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28 June 2009

Art Bears - 'The World As It Is Today' (ReR)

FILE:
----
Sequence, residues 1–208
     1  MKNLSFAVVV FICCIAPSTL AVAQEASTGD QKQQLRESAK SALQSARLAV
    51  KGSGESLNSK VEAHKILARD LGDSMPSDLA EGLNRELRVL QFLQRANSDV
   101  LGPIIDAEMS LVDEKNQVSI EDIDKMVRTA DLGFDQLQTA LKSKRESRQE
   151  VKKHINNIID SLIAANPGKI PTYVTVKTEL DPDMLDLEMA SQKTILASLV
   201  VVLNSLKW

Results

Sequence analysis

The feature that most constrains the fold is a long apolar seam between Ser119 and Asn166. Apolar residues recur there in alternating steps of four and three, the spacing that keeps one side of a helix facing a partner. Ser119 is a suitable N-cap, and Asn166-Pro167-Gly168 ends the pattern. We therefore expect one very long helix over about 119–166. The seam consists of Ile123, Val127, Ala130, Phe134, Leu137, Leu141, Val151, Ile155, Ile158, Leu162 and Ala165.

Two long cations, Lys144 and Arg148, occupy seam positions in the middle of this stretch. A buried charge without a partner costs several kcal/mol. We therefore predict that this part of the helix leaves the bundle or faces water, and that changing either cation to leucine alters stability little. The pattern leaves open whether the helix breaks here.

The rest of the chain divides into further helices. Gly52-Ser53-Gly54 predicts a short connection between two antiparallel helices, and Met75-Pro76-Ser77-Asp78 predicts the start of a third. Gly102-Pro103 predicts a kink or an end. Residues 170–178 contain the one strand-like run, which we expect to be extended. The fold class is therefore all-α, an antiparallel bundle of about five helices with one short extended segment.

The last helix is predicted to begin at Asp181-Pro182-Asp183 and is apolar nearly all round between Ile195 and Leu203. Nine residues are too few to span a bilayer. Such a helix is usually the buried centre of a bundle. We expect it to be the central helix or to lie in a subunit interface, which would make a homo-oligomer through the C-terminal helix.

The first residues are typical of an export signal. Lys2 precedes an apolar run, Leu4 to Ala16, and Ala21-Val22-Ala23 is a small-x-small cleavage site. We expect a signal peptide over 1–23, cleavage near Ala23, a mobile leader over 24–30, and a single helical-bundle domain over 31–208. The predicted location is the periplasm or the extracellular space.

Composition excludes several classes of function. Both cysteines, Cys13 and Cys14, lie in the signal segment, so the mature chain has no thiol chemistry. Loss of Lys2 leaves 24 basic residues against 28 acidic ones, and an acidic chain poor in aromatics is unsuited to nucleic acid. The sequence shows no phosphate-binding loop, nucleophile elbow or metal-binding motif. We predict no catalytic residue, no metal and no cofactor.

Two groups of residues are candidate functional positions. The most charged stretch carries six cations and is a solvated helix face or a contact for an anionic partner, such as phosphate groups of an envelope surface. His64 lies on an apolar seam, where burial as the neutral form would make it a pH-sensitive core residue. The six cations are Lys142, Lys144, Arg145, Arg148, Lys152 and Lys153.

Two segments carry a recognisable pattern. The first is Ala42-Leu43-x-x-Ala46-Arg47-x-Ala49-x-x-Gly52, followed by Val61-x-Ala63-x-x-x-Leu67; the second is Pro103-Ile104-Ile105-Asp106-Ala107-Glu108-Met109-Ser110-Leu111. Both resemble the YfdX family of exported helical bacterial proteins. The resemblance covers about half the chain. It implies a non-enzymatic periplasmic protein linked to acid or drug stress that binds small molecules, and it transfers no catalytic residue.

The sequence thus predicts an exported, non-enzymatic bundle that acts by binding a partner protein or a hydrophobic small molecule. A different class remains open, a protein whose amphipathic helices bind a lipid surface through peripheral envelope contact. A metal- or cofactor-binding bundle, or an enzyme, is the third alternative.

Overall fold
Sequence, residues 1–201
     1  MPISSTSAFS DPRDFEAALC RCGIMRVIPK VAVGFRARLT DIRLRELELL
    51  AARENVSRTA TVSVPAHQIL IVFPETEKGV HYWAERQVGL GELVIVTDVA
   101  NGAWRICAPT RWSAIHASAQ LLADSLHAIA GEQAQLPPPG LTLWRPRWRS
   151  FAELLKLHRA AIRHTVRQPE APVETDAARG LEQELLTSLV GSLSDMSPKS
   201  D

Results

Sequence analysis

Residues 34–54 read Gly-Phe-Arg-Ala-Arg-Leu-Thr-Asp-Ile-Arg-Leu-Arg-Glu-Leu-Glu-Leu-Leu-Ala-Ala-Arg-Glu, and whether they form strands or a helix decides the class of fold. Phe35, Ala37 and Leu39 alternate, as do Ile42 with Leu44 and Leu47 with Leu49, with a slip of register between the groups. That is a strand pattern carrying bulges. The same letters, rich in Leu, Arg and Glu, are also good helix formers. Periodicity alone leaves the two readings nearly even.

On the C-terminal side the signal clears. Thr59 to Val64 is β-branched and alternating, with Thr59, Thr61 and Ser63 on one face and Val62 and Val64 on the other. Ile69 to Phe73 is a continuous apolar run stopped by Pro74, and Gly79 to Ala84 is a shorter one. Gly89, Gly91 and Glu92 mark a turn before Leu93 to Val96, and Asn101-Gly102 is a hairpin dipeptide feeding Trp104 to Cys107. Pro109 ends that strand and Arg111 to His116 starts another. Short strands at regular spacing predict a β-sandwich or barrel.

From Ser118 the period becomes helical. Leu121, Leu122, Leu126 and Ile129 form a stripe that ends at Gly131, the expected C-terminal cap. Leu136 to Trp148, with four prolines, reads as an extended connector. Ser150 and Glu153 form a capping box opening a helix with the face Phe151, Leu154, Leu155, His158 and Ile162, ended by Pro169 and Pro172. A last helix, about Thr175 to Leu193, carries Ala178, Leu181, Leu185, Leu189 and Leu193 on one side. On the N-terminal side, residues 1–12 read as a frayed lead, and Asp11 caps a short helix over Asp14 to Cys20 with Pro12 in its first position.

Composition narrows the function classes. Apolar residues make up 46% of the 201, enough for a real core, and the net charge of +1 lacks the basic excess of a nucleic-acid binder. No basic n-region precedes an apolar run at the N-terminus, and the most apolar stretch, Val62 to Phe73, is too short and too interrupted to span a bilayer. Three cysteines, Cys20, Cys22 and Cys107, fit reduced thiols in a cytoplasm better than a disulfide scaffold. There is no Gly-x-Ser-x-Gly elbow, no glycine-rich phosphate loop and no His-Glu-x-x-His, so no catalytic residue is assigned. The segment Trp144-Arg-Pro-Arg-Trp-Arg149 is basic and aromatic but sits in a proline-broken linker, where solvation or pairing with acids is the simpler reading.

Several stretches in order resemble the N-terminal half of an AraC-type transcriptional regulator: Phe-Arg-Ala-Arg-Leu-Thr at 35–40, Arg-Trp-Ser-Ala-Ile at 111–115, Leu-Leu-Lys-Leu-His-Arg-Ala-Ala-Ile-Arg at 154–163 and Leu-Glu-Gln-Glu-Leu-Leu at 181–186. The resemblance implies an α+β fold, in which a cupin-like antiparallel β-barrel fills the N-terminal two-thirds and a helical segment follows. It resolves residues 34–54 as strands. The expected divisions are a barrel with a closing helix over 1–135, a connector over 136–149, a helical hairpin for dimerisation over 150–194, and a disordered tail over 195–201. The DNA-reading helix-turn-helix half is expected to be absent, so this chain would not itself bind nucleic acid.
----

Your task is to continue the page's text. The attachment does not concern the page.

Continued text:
A title like this would suggest a bold statement of an album, something both philosophical and direct. Well, sure, this is the pen of Chris Cutler, after all. If you didn't think the man who wrote File Under Popular could knock it out of the park, then you're truly underestimating him. This is concise - a 45rpm mini-album, maybe a long EP - yet leaves nothing to be desired. The lovely little booklet rearranges the running order into a three lyrical groups. 'Law', 'Democracy', 'Truth', 'Freedom', 'Peace', and 'Civilisation' are classified as "6 corpses in the mouths of the bourgeoisie", but despite this heavy concept, the songs are light as air. I often forget how traditional the Art Bears actaully could be, at least in terms of instrumentation; most of these songs are drums, piano and guitars and they achieve their innovation largely through structure, composition and affect rather than effect (if you get my drift). Though 'Civilisation', at the end of side 1, is a thick, slow composition that sounds like Morton Feldman pushing a pram. It hangs in the air and never lets go, always on the verge of resolution. Vocally, Dagmar is perfect -- I can't imagine anyone else interpreting a song that is somewhat anti-democracy and transforming it into something so magical. The second lyrical group is "4 songs" and contains catchy tunes like 'The song of the Dignity of Labour Under Capital' which is more like Brecht than Engels, thankfully. The final standalone song is 'Albion, Awake!', ending the album (and the career of Art Bears) on a platform of hope, though first transformed through the most tape-manipulated section of the band's ouvre. Perhaps this twisted unraveling is an abstracted musical story of the workers of the world. The final line is 'Let banners fly like shrapnel and efface the sky!' and while I jump up with my red flag, I then think to the reality of everything that has happened since 1981, and then I get depressed, and then I just listen to some more records to wash away the pain. The real pain, of course, is that my copy of this is slightly warped, which renders 'The Song of Investment Capital Overseas' and 'Democracy' rather unplayable.

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